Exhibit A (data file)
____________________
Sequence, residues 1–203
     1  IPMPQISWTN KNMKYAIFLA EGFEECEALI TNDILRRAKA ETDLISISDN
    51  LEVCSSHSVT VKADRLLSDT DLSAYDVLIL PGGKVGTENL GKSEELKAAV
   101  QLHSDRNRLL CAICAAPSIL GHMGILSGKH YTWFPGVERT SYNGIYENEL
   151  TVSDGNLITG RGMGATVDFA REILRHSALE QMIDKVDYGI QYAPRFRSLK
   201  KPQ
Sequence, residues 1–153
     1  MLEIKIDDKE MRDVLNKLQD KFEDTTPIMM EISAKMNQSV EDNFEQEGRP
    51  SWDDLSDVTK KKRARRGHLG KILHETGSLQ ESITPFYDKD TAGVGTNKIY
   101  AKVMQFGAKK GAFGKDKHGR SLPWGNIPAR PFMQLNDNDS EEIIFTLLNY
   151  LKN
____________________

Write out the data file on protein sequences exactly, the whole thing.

Sequence, residues 1–203
     1  IPMPQISWTN KNMKYAIFLA EGFEECEALI TNDILRRAKA ETDLISISDN
    51  LEVCSSHSVT VKADRLLSDT DLSAYDVLIL PGGKVGTENL GKSEELKAAV
   101  QLHSDRNRLL CAICAAPSIL GHMGILSGKH YTWFPGVERT SYNGIYENEL
   151  TVSDGNLITG RGMGATVDFA REILRHSALE QMIDKVDYGI QYAPRFRSLK
   201  KPQ
Sequence, residues 1–153
     1  MLEIKIDDKE MRDVLNKLQD KFEDTTPIMM EISAKMNQSV EDNFEQEGRP
    51  SWDDLSDVTK KKRARRGHLG KILHETGSLQ ESITPFYDKD TAGVGTNKIY
   101  AKVMQFGAKK GAFGKDKHGR SLPWGNIPAR PFMQLNDNDS EEIIFTLLNY
   151  LKN